7. Tomatoes will slow roast for 2 hours. Every 30 minutes, open the oven door to release built up condensation. Remove at 2 hours, tomatoes should have shrunk considerably in size and deepened their color to a brick red.

8. Dice tomatoes and transfer whole garlic cloves, basil and remaining liquid in the baking sheet to an airtight plastic container. Set aside while you prepare your Chicken Parmigiani.

9. Lower oven temperature to 200, just warm.

10. Place one chicken breast between two sheets of plastic wrap or wax paper on a cutting board. Using a tenderizer, pound the chicken breast until it is a uniform thickness, about 1/4 inch or a tiny bit thicker. Continue with remaining breasts. Cut each flattened breast in half, smaller pieces are easier to handle when frying.

11. You will need three pie plates or mixing bowls. In bowl #1 mix flour, nutmeg and season with salt and pepper. In bowl #2 beat two eggs. In bowl #3 mix bread crumbs and Parmesan cheese.

12. Heat 1 tablespoon butter and 1 tablespoon olive oil in large frying pan over medium-high heat.

13. Working briskly, dredge chicken in flour mixture, then egg mixture and finally bread crumb mixture. Pressing bread crumbs into the breast. The flour is necessary to get the egg to stick and the egg is necessary for the bread crumbs to stick.

14. Place into hot frying pan. Fry for 3-4 minutes on each side or until medium brown. Place on a paper towel lined jelly roll pan and place into the oven to keep hot.

15. Continue with remaining breasts. If the frying pan gets dry, melt an additional 1 tablespoon butter and 1 tablespoon olive oil. The liquid will absorb into the breading (adding flavor!).

16. Place completed chicken breasts into the oven while you continue to fry. When complete, remove from oven.

17. To serve, plate a slice of Chicken Parmigiani and smother with Tomato and Garlic Confit. I served this with a side of Shallot and Spinach Whole Wheat Gnocchi.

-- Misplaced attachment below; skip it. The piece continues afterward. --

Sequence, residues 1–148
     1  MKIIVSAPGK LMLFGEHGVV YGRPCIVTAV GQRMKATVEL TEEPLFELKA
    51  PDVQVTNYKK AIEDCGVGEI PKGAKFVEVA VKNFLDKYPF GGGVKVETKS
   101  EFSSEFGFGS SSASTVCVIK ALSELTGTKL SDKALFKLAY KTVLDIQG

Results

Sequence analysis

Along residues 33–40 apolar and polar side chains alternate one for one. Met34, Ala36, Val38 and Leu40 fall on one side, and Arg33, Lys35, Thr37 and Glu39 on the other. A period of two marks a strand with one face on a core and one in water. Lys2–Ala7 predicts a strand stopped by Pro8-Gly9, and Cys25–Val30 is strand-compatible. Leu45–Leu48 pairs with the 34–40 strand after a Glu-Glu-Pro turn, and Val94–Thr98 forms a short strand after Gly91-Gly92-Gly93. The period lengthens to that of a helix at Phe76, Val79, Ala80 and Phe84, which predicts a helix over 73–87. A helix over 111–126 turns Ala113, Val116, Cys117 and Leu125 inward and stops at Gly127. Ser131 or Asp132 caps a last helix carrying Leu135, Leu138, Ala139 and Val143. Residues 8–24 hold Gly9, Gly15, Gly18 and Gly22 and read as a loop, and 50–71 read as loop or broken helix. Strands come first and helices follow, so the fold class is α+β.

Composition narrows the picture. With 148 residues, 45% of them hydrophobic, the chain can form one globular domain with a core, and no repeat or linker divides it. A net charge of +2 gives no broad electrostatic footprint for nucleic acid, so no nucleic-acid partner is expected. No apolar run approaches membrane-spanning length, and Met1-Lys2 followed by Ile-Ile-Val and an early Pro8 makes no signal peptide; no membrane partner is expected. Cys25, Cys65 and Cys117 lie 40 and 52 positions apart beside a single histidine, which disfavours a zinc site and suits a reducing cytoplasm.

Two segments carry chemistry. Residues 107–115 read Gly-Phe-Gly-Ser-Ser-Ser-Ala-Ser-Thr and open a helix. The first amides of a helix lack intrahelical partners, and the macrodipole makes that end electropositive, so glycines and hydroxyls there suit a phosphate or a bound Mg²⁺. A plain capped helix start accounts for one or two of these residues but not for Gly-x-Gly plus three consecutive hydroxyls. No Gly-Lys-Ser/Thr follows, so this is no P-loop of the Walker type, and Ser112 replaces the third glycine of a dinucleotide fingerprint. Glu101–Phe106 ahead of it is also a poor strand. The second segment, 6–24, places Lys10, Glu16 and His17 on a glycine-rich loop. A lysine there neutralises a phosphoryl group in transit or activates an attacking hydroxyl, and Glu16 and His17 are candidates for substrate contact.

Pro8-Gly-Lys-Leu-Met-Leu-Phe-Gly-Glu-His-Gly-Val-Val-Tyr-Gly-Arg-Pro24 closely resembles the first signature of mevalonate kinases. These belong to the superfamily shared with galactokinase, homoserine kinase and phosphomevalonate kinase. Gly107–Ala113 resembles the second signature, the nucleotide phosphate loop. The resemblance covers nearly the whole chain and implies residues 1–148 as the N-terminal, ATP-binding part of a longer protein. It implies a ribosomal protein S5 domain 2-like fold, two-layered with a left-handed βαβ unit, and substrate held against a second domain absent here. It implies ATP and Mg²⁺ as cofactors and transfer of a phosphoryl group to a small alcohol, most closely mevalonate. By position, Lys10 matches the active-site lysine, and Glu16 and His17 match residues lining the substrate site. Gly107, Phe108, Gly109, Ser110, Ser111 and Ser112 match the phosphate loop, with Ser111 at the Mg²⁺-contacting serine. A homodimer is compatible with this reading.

Now you want more, don’t ya? Join me on Facebook for daily recipes and discussion, follow me on Twitter or see where I get some of my inspiration on Pinterest!

Now you want more, don’t ya? Join me on Facebook for daily recipes and discussion, follow me on Twitter or see where I get some of my inspiration on Pinterest!
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    Comments

  • Elisa @ Globetrotting in Heels


    This sounds delicious!

    I would like to correct a common misconception, however: Chicken Parmigiani is not a Southern Italy dish – in fact, it isn’t an Italian dish at all. It is simply one of the many hybrids created in the US (possibly by Italian immigrants, but maybe not) mixing Pollo alla Milanese (breaded and fried chicken cutlets) and Melanzane alla Parmigiana.

    If it had, indeed, been created in Southern Italy, it wouldn’t be called Parmigiani, which is the Americanized version of “alla Parmigiana” which means “in the manner of Parma”, an Italian city in Emilia Romagna, which is *not* in the south.

    That said, this dish does sound lovely, and I wish you good luck in the contest!

  • Jessica Formicola


    I guess everything I ever knew about my mother’s chicken alle parmigiani is wrong. Thanks for the info!

  • Anonymous


    I am going to use this recipe. Thanks for sharing.